Dear InkforAlaska Artists!

Since we started the contest, the protection of Alaskan land and waters has been in the forefront of controversy!  Your participation in this art event shows the commitment you have not only as artists, but as those who care about public lands.  This was our first attempt at a juried event, and you have helped us learn much about the process of online art exhibition and presentation!  Thank you for your support and participation.

Choosing the winners from so many great submissions was extremely difficult, but the judges have made their decisions.

First place: William Hays, Brattleboro, Vermont 

$500 gift certificate from McClains Printmaking Supplies 

Landscape is the foundation of my inspiration. I often work more from memory or an impression than from a particular place. The compositions are the framework on which I hang a sequence of layered colors in rhythmic patterns to create a mood and a harmonious image. Using reduction printing techniques and multiple blocks allows me a level of complexity that suits my drive to create art works which evoke of my imaginings, my experiences, my creations.

Second:               Jack McCarthy, Santa Fe, New Mexico 

$500 gift certificate from Speedball Art Supplies

  I feel that my prints compliment the power and joie de vivre that makes up Alaska. Thank you for the opportunity to share my visual storytelling. The prints offered are a small part of a series I have been working on re: the mythology and spirituality of Northern Alaska.

Third:                   Cynthis Brinich-Langois , Milwaukee, WI 

$300 gift certificate from Graphic Chemicals and Inks

Through a field-based practice, I employ drawings, prints, and written reflections to create site-responsive investigations into a place defined by enormous transformations. I was born in Alaska and grew up in Bethel; while I have lived in many places as an adult, I return to Alaska to revisit familiar places and discover new sites for creative exploration, most recently on a kayak trip through the Beardslee Islands. This work examines the interactions among biological, geological, and anthropological factors that continue to sculpt Glacier Bay National Park and Preserve in Southeastern Alaska. The shorelines and waterways of Glacier Bay affected, through the twice daily changing of the tides, but on a geological scale, the rising of both the land and sea reforms the landscape itself, as tidewater glaciers retreat up the mountains. As the weight of the ice no longer compresses the land, the rocky shore moves incrementally upward, bringing with it things often hidden below the water.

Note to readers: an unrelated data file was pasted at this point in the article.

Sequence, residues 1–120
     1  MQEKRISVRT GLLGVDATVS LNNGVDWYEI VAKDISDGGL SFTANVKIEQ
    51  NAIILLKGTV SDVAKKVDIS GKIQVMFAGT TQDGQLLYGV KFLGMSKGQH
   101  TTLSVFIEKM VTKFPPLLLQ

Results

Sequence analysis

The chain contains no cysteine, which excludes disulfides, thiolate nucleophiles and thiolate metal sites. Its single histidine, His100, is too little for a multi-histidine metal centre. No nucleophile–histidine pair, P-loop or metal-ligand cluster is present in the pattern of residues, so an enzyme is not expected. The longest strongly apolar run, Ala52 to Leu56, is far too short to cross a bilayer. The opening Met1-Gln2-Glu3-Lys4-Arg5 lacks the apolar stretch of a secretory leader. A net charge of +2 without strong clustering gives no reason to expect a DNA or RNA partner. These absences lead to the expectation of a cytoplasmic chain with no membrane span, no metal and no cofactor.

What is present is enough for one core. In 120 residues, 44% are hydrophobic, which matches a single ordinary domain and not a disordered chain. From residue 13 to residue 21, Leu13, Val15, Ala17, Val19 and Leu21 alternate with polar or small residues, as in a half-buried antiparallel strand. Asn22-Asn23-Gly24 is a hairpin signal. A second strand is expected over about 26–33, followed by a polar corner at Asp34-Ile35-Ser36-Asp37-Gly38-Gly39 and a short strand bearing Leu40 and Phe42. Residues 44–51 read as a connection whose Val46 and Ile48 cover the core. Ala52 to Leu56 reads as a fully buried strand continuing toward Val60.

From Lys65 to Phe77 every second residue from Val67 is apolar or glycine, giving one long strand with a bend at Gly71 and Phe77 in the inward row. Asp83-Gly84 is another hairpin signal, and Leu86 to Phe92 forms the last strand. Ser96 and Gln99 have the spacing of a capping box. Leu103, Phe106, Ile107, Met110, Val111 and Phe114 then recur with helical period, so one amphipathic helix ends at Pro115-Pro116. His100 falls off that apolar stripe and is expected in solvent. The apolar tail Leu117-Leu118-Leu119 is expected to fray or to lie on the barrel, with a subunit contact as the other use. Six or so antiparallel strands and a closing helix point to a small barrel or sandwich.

The islands are always above the sea, and these seemingly disconnected landmasses break the surface of glassy water to form landmarks for boats to navigate safely through the bay. The drawings of islands position the human adventurer as a key observer through whose presence we contextualize the landscape. While the transformation of Glacier Bay is easily observable, it is not unique, and the changes effected upon it, are revealed in diverse climate conditions throughout the world.

Honorable Mention: Charlotte Van Zant King, Goldendale, WA 

$50 gift certificate from Gamblin Artist Colors 

I lived in Alaska from 1978 until 2000, married a USFWS biologist/pilot, and raised our daughter. We lived in Fairbanks, and had a typical Alaskan lifestyle, fishing and hunting to add to the usual life around a small city. I worked as a volunteer for state and federal agencies as a wildlife rehabilitator. I worked as an artist through the public arts programs of state agencies, and produced more than 20 large commissions in tapestries, fiber arts, and ceramic tile murals. My work exhibited from Bethel to Ketchikan, in schools, correctional centers, and Pioneer Homes. In all of this, wilderness was the initial reason I came to Alaska. I lived in Point Barrow, the most remote, and Anchorage, the most urban, and I had opportunities to travel from the Aleutians and down the panhandle, by water, over highways and trails, and in small planes. I think of Alaska as my real home, and always miss being there.

The work I am submitting is from a series of linoleum block prints I began doing in 2010. Many of the birds are in Alaska as well as along the Columbia River Gorge where we live. I hand-color some of the prints with watercolor pencils after I print them. I figured if Audubon’s printmakers could do that, so could I, and it does give slight variations to each print. Other prints, I do not color, since they stand best as stark black and white.


Prizes will be sent to the winners, and the League will gift a free membership for one year, to each artist.

Special thanks to all our sponsors:

Speedball Inc./Akua Inks

Graphic Chemical and Inc

McClains Printmaking

Gamblin Inks